Highlights from the blog and news feed
Dec. 21, 2015
Newsletter of the Colorado Freedom of Information Coalition, a nonpartisan alliance of journalists, civic organizations and engaged citizens dedicated to ensuring the transparency of state and local governments in Colorado by promoting freedom of the press, open courts and open access to government records and meetings.
Court of Appeals hears arguments in dispute over disclosure of Jeffco teacher sick-leave records
An attorney for the Jefferson County Education Association argued that a district court judge erred in ruling that teacher sick-leave records do not qualify as personnel information that must be withheld from the public.
If you’re lucky, you’ll have no problem getting public information in a format that allows for searching, sorting and aggregating. Too often, however, database records are released in a format that makes analysis difficult, or they’re not released at all.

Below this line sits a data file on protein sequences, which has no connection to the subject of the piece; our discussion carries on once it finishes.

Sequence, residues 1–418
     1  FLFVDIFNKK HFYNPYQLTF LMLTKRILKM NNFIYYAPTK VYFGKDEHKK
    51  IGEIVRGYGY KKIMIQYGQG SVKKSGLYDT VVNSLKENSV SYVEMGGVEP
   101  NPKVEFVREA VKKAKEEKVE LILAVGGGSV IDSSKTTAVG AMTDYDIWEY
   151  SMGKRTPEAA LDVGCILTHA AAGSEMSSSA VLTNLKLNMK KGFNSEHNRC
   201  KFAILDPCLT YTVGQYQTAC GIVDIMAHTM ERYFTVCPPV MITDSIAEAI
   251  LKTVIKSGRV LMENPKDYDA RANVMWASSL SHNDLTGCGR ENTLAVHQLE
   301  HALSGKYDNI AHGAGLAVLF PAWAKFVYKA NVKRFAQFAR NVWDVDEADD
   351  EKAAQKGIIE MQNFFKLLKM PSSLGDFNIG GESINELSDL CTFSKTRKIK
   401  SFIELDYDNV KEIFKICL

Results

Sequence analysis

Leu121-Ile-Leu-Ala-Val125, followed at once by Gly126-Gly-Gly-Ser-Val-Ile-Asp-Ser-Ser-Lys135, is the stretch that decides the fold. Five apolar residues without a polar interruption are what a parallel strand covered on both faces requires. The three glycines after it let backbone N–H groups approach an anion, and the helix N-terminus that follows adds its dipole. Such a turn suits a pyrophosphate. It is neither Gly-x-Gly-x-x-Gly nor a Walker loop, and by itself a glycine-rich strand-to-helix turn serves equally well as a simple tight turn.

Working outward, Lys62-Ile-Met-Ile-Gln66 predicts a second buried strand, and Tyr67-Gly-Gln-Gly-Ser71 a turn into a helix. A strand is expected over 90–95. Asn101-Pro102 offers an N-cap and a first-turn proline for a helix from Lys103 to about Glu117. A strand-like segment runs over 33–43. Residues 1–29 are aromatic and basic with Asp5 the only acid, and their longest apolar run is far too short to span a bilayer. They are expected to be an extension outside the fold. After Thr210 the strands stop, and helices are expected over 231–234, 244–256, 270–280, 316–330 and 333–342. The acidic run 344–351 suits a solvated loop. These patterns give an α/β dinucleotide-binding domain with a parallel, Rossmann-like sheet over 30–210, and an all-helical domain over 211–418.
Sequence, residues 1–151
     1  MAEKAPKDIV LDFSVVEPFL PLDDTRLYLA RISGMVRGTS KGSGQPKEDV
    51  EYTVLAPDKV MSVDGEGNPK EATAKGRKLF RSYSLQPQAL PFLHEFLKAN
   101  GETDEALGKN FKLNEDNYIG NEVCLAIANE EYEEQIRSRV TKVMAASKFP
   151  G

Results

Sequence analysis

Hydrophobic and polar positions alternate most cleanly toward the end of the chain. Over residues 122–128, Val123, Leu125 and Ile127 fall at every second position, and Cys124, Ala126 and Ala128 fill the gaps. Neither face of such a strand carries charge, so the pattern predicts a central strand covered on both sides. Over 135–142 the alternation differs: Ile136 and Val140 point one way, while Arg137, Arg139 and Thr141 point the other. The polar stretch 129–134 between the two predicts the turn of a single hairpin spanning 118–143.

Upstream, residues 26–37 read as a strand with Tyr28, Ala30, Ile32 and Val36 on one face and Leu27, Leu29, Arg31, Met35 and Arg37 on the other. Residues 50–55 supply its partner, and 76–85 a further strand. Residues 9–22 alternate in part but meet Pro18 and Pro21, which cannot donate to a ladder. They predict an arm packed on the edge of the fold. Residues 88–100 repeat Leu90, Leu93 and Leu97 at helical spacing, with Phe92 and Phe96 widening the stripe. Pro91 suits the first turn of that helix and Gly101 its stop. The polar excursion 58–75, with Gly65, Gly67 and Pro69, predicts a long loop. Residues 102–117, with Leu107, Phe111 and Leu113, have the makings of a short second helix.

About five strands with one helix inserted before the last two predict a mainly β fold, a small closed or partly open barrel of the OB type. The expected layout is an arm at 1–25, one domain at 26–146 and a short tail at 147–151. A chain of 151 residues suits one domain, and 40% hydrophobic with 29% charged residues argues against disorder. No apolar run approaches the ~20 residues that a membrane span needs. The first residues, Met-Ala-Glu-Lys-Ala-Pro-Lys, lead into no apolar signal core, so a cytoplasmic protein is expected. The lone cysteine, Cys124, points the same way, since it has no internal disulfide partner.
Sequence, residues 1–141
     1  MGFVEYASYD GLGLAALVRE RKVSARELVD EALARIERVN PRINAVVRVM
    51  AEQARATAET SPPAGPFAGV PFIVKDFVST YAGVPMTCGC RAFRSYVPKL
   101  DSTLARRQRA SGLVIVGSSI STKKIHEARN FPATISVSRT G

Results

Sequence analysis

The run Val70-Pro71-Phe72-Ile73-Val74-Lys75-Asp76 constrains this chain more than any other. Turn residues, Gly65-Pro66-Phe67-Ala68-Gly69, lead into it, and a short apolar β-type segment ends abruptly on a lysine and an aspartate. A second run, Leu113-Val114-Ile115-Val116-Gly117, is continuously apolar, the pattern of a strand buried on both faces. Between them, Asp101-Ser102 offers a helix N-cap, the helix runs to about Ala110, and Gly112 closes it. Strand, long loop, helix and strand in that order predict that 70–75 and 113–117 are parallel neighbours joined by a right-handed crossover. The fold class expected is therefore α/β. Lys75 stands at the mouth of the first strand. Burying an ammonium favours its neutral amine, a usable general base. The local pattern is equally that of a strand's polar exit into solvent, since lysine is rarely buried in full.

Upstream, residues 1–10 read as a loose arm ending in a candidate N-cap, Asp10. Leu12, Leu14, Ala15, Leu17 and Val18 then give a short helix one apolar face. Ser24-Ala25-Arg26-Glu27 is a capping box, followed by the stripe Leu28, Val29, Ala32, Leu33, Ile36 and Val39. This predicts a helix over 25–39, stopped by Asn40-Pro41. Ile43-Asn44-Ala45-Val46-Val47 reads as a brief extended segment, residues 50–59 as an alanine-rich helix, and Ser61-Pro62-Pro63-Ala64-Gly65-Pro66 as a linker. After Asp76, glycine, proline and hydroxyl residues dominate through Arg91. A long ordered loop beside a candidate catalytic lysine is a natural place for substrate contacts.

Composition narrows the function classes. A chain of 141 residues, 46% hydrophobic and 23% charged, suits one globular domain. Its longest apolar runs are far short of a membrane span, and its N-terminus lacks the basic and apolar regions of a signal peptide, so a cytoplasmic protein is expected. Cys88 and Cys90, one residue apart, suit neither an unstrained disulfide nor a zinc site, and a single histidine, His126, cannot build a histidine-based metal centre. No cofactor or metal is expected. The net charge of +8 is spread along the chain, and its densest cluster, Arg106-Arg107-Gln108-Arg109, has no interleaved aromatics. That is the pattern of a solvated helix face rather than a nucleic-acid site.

Proposed 2016 bill would open records of nonprofits serving people with disabilities
Prompted by the recent financial troubles of a nonprofit that serves people with disabilities, a state lawmaker plans 2016 legislation to open the records of all such agencies in Colorado that receive more than half their funds from public sources.
Bipartisan 'odd couple' pushes for greater access to public records
From The Colorado Statesman: In an unusual pairing of players from opposite sides of the political spectrum, state Sen. John Kefalas, D-Fort Collins, and state Rep. Dan Pabon, D-Denver, are working with liberty-politics lightning rod Jon Caldara’s Independence Institute to update Colorado’s Open Records Act for the digital age.
Clear Creek commissioners again run afoul of Open Meetings Law
From the Clear Creek Courant (Clear Creek County) A meeting among two Clear Creek county commissioners and a local business owner has once again raised questions about the board’s failure to follow the Colorado Open Meetings Law.
Basalt mayor violates Open Meetings Law, town manager says
From The Aspen Times: Basalt Mayor Jacque Whitsitt violated the Colorado Open Meetings Law by sending an email to other council members that criticized the town staff for its handling of a land-use review application, according to Town Manager Mike Scanlon.